Stealth Inc. A Clone in the Dark is not perfect, due to some incredibly high difficulty spikes, one of which caused me to reach out to Curve Studios on Twitter . The music is functional, but becomes very repetitive quickly. The controls are simple and tight, so failure always feels like it’s due to your poor timing. The use of Cross-buy and a working Cross-save, make it perfect for jumping on to the PS3 to continue your game when the PSVita is on charge, then resuming playing on the daily commute, sunshine permitting. I actually felt it looked as good on TV as on the PSVita‘s lovely OLED screen, and I loved the filter on the image making it look like the refresh rate on a CRT display. I’m surprised this game doesn’t feature a Platinum Trophy especially considering the challenge of trying to achieve S Ranks on all levels, and like Thomas Was Alone there is sadly only one trophy list split across both platforms. The additional of Teleport Chambers levels DLC, which came free if you bought the game in the first two weeks in the EU. These extra levels add more gameplay, challenge and additional trophies.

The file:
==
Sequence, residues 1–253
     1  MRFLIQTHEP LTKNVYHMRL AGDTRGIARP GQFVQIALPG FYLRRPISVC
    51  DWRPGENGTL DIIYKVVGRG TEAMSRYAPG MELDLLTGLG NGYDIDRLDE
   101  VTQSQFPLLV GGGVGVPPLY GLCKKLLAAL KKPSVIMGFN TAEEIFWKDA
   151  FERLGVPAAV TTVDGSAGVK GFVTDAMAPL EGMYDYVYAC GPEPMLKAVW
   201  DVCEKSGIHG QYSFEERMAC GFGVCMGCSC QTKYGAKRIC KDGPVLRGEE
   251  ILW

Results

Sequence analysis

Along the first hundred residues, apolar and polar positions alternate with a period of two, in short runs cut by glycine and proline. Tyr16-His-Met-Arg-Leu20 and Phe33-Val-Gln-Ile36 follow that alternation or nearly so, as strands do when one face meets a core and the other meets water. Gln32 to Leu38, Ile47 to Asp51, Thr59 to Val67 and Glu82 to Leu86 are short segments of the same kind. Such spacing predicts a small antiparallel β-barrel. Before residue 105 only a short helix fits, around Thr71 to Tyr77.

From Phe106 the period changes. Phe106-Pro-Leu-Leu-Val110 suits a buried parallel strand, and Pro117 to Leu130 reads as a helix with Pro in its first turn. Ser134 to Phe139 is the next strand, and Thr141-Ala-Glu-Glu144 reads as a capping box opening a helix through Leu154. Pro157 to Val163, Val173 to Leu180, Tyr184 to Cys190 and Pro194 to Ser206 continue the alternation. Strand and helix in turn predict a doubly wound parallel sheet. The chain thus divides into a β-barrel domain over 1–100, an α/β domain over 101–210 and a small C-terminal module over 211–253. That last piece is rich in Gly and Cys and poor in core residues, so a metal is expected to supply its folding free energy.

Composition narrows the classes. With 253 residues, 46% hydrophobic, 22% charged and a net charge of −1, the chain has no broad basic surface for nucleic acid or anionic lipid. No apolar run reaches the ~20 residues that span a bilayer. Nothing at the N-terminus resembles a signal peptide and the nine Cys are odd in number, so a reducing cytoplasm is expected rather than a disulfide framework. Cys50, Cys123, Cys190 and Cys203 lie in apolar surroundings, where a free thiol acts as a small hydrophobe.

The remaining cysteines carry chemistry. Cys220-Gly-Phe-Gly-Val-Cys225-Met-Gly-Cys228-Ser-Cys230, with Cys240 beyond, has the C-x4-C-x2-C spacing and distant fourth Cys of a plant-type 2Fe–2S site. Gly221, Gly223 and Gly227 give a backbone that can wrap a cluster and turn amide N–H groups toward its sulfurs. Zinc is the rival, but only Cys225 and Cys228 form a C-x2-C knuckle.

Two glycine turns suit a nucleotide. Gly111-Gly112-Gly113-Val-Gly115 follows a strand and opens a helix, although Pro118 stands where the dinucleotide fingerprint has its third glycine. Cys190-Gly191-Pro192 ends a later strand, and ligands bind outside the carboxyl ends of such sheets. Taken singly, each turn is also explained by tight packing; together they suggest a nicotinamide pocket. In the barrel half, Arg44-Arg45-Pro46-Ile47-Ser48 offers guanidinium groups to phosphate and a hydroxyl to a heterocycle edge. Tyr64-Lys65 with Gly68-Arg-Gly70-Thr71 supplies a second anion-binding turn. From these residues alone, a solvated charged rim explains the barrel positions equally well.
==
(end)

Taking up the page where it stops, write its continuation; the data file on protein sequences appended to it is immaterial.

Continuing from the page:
I feel the game missed a few additional features but the warm fuzzy feeling this game gave me of my teens playing Another World, Flashback and the sense of humour of Oddworld: Abe’s Odyssey, is a well worth the purchase. As long as you have the patience to play-through it, because it’s not the quickest game to finish, even harder to master the scoreboards and S ranks, with a timing requirement that seems to shift on a daily basis. It is perfect one more go gaming, making Stealth Inc. A Clone in the Dark, exceptionally superb value for money.
Review copy with DLC supplied by Curve Studios, images used with permission, taken by the reviewer using the PSVita’s screen grab function.